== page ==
Only at the very end does it quote a Jewish Home member who calls Likud-Beytenu hypocritical and chauvinistic, pointing out the fact that a quarter of Jewish Home’s top 12 are female and that Likud-Beytenu has only one woman in its upper echelons.

The paper that does run the Likud-Beytenu attack ad on its front page is Haaretz, but for the sake of fairness it also runs an anti-Meretz ad across the top of the page. With the Likud party attacking from the right, Haaretz’s editorial attacks the Jewish Home from the left, calling it “an extremist right-wing platform – ultra-nationalist, anti-democratic and particularly dangerous.” It proceeds to rake Jewish Home over the coals for what it perceives as the party’s threats to freedom of speech and an active judiciary, and its scorn for “infiltrators” and desire to rid Israel of them.

“A dangerous ideology, intended to undermine democracy and the rule of law in Israel, lurks behind Bennett’s smile,” it warns its readers.

Top billing on its front page is the United Nations’ report from Wednesday that amended its casualty figures from the Syrian civil war to upwards of 60,000 killed since the beginning of the uprising in March 2011. It also reports that settlers residing in the Jordan Valley are farming 1,250 acres of private Palestinian land situated along the border with Jordan whose original owners are not allowed to access their land because of a military order preventing them from entering the area.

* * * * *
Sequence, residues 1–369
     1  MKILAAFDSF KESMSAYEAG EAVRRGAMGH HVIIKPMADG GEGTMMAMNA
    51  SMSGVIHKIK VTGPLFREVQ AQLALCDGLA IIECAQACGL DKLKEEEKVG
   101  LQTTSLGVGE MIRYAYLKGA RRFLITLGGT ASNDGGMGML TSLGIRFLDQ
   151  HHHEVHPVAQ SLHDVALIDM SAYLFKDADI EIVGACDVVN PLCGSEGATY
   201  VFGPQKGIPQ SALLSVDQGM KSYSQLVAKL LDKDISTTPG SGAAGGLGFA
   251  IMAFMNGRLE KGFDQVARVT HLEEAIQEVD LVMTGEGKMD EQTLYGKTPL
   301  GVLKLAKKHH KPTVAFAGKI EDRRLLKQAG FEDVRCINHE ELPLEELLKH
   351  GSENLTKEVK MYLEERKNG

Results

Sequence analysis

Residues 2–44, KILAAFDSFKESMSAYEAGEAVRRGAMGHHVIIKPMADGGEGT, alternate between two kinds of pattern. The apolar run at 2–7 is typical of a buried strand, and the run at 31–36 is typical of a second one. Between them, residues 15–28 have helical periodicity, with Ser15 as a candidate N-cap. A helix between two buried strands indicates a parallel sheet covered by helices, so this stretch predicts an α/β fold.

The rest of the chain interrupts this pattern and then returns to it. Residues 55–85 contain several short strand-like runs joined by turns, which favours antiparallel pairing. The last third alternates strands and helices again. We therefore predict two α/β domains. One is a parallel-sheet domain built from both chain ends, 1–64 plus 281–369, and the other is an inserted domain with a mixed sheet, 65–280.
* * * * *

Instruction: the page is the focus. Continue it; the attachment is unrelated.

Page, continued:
Elsewhere on the campaign trail, Yedioth Ahronoth reports that the Shas party made an unlikely and unconventional pit stop in Arab communities in the Galilee. “Shas will be victorious, inshallah!” reads the report’s headline, invoking the Arabic expression for “God willing.”

Party leader Aryeh Deri told Arab voters in the village of Abu Sanan that he “felt at home” and “inshallah and with God’s help we will hold the victory party here,” adding the customary religious disavowal of vows. The paper quotes MK David Azoulai saying that in the 2009 elections Shas garnered 8,000 votes from the Druze, Christian, and Bedouin minorities in Israel.

It also quotes senior Likud officials harshly criticizing what they call the campaign manager’s failure in running a successful campaign, citing the party’s massive drop in the polls. According to the report, local Likud activists are enraged by why they call “total paralysis of the branch offices.” According to the paper, the Likud central campaign office has not conferred with the local branches and has not provided them with funding to manage the day-to-day running of the campaign.